Curtis Michaluk doesn’t expect a shift to a varsity program system will create huge changes in high school sports in Thunder Bay.
A well-used system in other provinces, the idea behind the move is to allow athletes, regardless of age, to compete with similarly skilled players.
The change, which will only affect basketball, volleyball and soccer, eliminates the junior and senior programs in those sports. In previous years students in Grades 11 and 12 played against each other, while students in grades nine and 10 were in a league of their own.
In the new system, the best athletes will comprise the varsity team, with other players relegated to the junior varsity squad.
Michaluk, the coach of the Westgate Tigers varsity boys volleyball team, said there’s always been wiggle room when younger elite athletes have been involved.
“I don’t think it changes our system as much as people might thing,” he said, noting just two Grade 10 students tried out for his team this semester, one of whom quickly departed for a shot at the junior football Tigers, where the old system remains in place.
“In the past if we had a great athlete who was in Grade 10, or possibly in Grade 9, if they could play at a senior level, then between coaches we would have that player play up. It gives me an opportunity to allow our junior athletes to play at the senior level maybe a few more times to just get that experience.”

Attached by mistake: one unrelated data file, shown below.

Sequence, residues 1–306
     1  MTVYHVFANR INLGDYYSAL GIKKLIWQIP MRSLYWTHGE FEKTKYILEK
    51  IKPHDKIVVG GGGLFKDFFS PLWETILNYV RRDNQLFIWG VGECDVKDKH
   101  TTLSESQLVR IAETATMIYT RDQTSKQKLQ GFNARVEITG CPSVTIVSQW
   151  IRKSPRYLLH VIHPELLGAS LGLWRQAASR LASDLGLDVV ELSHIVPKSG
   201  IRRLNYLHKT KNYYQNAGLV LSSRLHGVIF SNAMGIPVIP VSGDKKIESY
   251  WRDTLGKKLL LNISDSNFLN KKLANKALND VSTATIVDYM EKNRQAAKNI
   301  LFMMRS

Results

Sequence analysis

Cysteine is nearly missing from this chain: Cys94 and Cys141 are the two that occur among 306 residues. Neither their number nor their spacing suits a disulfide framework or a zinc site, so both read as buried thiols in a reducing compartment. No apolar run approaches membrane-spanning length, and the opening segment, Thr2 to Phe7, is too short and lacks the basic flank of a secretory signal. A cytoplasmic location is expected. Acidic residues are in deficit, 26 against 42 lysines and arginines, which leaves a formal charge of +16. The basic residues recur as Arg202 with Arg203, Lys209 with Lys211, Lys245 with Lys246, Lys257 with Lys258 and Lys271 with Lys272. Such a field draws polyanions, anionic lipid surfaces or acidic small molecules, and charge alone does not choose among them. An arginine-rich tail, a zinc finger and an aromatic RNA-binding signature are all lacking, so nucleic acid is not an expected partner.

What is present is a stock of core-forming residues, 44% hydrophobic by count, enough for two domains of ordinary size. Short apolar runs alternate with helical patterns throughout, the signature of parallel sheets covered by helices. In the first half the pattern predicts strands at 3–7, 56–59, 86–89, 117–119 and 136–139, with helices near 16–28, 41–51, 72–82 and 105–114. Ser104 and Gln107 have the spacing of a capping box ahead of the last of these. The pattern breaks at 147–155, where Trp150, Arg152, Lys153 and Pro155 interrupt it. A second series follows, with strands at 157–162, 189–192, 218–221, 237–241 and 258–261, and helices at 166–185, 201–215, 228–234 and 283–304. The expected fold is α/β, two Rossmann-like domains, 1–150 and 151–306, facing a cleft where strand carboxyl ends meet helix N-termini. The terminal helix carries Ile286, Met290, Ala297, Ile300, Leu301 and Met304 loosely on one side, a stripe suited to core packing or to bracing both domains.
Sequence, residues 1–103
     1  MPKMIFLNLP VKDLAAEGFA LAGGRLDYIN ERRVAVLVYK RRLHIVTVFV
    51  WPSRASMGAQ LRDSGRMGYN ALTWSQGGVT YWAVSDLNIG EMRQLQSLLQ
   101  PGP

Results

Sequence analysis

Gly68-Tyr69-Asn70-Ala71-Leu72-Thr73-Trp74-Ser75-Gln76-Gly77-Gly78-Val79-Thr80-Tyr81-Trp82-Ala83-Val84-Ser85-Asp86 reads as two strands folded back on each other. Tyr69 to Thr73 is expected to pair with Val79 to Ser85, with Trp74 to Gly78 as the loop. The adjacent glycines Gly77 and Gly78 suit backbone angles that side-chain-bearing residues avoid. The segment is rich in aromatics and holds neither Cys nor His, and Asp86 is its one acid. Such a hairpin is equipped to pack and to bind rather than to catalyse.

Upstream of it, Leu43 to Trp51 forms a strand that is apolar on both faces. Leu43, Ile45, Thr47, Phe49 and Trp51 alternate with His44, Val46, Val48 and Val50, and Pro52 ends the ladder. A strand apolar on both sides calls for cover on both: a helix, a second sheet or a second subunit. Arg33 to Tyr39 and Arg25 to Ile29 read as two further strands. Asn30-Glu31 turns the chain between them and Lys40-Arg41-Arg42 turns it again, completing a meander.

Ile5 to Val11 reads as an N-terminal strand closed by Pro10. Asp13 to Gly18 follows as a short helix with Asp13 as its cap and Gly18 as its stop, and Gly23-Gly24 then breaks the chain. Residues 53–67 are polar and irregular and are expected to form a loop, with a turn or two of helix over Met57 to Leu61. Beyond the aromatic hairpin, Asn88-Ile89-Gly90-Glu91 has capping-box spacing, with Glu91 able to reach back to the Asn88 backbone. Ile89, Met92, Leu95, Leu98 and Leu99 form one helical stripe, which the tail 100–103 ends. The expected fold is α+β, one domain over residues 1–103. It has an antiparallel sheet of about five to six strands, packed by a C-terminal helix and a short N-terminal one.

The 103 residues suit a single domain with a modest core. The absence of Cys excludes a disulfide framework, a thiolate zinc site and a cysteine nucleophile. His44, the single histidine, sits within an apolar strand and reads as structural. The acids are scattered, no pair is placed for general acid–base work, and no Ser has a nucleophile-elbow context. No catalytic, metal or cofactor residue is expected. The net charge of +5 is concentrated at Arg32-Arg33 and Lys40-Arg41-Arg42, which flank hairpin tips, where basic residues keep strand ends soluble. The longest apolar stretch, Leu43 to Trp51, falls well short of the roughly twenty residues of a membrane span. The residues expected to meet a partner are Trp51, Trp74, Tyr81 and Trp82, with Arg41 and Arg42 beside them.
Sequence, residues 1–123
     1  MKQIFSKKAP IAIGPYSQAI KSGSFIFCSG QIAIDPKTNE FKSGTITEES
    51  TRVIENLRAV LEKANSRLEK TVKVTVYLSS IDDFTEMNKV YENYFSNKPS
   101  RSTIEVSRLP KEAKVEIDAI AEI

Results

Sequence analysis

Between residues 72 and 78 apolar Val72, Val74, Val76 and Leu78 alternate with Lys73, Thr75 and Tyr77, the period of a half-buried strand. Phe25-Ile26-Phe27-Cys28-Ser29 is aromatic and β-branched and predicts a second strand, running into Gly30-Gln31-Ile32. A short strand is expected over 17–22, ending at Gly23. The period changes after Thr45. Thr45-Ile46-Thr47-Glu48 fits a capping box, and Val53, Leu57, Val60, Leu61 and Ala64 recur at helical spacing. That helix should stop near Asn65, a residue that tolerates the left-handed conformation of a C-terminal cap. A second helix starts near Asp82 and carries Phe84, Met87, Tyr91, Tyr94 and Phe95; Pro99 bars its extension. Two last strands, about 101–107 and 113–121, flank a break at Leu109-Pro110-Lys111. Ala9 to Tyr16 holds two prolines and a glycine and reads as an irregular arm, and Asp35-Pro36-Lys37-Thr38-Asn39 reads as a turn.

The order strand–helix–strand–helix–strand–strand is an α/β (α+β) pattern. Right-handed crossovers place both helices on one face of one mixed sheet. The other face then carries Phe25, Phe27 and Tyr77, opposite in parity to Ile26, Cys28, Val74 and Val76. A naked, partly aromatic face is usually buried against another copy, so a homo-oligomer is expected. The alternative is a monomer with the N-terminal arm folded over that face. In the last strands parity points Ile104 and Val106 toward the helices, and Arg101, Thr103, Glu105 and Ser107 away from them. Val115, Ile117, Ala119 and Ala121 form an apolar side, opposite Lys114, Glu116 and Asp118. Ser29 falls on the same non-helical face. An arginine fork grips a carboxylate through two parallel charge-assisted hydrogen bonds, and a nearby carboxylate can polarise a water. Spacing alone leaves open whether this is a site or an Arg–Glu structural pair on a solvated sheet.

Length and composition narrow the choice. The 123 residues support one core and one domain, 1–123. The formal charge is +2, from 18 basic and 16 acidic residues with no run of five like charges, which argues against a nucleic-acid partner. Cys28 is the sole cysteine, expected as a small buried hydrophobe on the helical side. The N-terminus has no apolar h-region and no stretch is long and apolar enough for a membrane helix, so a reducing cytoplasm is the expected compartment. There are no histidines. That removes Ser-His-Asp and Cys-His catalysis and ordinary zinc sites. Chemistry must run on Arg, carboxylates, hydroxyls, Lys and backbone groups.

As a coach, Michaluk says it also presents him more options when picking his team.
The move could also benefit older students who want to continue playing high school sports, but don’t make the final senior team cut.
By including a junior varsity squad, one without an age restriction, it gives high school juniors and seniors a second chance to play, said Superior Secondary School Athletics Association director Dave Pineau.
It’s a one-year trial at this stage, Pineau added, noting football wasn’t chosen for specific reasons.
First and foremost he wants to prove the system works to parents and coaches.
There were just too many question marks to include football in the mix this time around, Pineau said.
“We talked about football. But I think there was some apprehension in terms of jumping right in. We wanted to show the football community that it is a safe model. We thought piloting with these sports would make it an easy sell in the future,” Pineau said.
Size matters, in other words.
“I think because it’s a high-risk sport there’s some concern that you might see a Grade 10 (student) pulled up who wasn’t physically ready. I think those concerns are concerns that should be conversations between coaching staffs about where students fit best,” Pineau said.
“I think seeing it work in these sports will alleviate those concerns with the football season.”
The system will be reviewed at year’s end.
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